Paging Mr Frey, Paging Mr Frey to the info desk

Overheard in New York is mandatory reading cause of stuff like this:

They Started at the Mystery Section

Girl: Excuse me, do you have any biographies of TuPac?

Library guy: Probably, though they'd be with the other biographies on the second floor.

Dude: But isn't this the fiction section?

Library guy: It is. You might be able to find some books about him in non-fiction.

Girl: "Non-fiction"?

Library guy: Non-fiction means true.

Dude: ...And fiction means false.

Library guy: Sort of.

Girl: So if it's in non-fiction then that means he must still be alive.

Library guy: I don't think you understand.

--Brooklyn Public Library, Grand Army Plaza


Stacia said...

Oh, dearie me.

Did they discuss that crazy first baseman, Bill Who, after they found the book?

archer said...

BORDERS CLERK (ten feet away from customer): The Life of George W. Bush?

CUSTOMER: No, no--thea Lies of George W. Bush.

CLERK: I don't think there's any such title as The Life of George W. Bush.

CUSTOMER. Not thea life. Thea Lies.

CLERK: Umm...lies?



ann said...


Makes me appreciate Wakarusa Public Library.

Stacia said...

Oooh, that eminds e of this stellar conversation, overheard at a Denny's at about 2 am some years back:

Crazy Man #1: You know who I don't trust, is that Hillary Clinton.

CM #2: Who?

CM1: Hillary Clinton.

CM2: Who?

CM1 (yelling): Hillary Clinton! President Clinton's wife!

CM2: Who?


CM2: Oh, Hillary Clinton.

We barely managed to get outside before we lost it.

Julia said...

And these people represent the book-buying market.

Can anyone say, dumb down?

Anonymous said...

And Miss Snark wonders why she gets queries referencing the writer's "fiction novel."

Or maybe she doesn't. :-)

Anonymous said...

OMG worlds have collided - Love overheard in new york, and its sister site overheard in the office

Not as many crazy bums overheard in the office as in new york, but the obtuse managerial comments make up for that.

Anonymous said...

I was thinking of you, Miss Snark, when I read a review of the DVD release of the movie "Capote" the other night. The article mentioned the "non-fiction novel 'In Cold Blood'"


What exactly IS a non-fiction novel?

Carter said...

Sad, but oh, so true.

A conversation I recently had with a student:

Student: I want to send an e-mail to my instructor. Do I put their address on this line that says "TO:"?

Me: Ummm. Yes, that's wjere it goes.

S: And I put the subject on this line that says "Subject:"?

M: That's right.

Several minutes later:

S (pointing at screen containing the message "Your message has been sent to a@b.c"): Does this mean it's been sent?

M: *nodding in dumbfounded silence*

The future leaders of our world. Good God.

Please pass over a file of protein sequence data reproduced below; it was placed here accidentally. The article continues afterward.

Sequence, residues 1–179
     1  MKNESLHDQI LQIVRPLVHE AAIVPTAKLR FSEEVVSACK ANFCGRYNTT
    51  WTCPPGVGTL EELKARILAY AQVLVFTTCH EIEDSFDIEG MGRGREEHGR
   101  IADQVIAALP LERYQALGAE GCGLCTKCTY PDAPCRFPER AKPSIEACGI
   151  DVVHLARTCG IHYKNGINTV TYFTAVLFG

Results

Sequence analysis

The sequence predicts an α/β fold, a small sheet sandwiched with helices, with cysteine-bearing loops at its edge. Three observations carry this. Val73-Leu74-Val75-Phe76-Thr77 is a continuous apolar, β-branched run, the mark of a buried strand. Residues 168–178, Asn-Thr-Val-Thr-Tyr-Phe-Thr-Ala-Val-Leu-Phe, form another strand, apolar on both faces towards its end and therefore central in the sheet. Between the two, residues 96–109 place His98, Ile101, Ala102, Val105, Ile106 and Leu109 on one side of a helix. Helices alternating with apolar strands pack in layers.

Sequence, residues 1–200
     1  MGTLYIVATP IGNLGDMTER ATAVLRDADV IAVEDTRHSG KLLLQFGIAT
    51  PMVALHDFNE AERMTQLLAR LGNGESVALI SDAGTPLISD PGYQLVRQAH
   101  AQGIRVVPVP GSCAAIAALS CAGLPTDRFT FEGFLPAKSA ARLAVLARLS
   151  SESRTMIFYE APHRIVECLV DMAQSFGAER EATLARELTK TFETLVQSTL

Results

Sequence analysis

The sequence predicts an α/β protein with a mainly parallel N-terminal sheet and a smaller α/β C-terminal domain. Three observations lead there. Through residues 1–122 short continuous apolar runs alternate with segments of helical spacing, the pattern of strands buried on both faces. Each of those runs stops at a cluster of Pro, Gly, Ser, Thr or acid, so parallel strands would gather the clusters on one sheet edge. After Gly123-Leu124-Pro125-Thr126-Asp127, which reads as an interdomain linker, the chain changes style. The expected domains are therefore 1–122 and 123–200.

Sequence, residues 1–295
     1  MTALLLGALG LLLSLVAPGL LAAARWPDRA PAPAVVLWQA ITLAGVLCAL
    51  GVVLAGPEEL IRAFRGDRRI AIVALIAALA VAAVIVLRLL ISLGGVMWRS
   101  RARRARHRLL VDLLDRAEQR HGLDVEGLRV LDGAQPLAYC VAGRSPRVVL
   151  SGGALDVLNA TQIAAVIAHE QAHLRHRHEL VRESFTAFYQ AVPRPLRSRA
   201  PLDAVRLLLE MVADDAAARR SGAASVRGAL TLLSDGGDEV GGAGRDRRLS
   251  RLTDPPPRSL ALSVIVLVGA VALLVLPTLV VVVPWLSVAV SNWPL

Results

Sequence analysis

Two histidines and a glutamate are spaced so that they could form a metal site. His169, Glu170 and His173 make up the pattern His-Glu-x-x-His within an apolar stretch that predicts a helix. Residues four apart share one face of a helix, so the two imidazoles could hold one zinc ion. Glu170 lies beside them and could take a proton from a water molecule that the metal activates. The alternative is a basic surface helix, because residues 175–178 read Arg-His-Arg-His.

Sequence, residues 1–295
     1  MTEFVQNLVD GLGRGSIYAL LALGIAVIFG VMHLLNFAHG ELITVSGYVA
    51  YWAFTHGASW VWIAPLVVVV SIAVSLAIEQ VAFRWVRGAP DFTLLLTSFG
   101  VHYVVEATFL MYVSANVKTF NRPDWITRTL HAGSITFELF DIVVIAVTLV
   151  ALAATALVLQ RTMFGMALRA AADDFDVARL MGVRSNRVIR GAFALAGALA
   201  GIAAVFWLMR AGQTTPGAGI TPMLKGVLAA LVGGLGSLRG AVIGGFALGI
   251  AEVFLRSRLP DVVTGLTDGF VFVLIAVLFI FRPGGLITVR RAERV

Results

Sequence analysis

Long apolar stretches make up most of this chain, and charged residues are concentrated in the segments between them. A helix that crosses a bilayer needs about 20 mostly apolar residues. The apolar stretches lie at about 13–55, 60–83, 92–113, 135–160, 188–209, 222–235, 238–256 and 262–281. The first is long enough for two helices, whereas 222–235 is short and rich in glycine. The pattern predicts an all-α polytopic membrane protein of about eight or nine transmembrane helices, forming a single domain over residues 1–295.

Anonymous said...

The library I worked at designed a mug of the most difficult and ridiculous questions - it was a riot. But my favorite will always be the adults (and I do mean many, many adults) who came to the reference desk asking for help because they couldn't find the non-fiction book by the author's last name.

Another one that's cute: A girl about 12 asked me to help her find some information about an artist - Michael Angelo. I asked nicely if she meant Michelangelo. She insisted that this was a modern painter with two names and Angelo was his last name. After much searching, we eventually returned to Michelangelo.

Stephanie said...

Oh dear Gods! They made my head hurt. Now that's stupid!

Anonymous said...

One of my best friends is a librarian. Her favorite get-a-clue question is the adult who came up with a request for pictures of unicorns. Barb politely guided her to a few books about fairy tales & mythology. "No, no," the woman objected. "These are only drawings. I want PHOTOGRAPHS of unicorns."

I've tried to figure out a way to work this into a story, but nothing so far. It's too good not to use.

Is there a Newbery for dumb?


Anonymous said...

Poohba, it happens Capote called In Cold Blood a non-fiction novel (here's the Wikipedia ref: http://en.wikipedia.org/wiki/Truman_Capote). He appeared on Dick Cavat shortly after it came out, and Cavett called it something similar, like novelized non-fiction and how he [Capote] invented this genre, etc. Capote took issue with what Cavett called it, saying it's a non-fiction novel and not novelized non-fiction. So the article is being true to Capote.

Anonymous said...

Whoa...they might be our future? Lord help us if this is what's become of our youth. It is possible had they done the electronic search (online library access) they might actually have had a better understanding of category listings. School's should mandate field trips to a public library for this very reason!

Elektra said...

Trust me---every kid in school has to listen every year to about four lectures on how libraries work, no matter what grade they're in.

Anonymous said...

I always thought learning to use the library was like learning to tie your shoes. Were those two wearing slip-ons?

Elektra said...

Honestly? I haven't got a clue about how the Library of Congress arrangement works. Which os why I thank God for computer searches...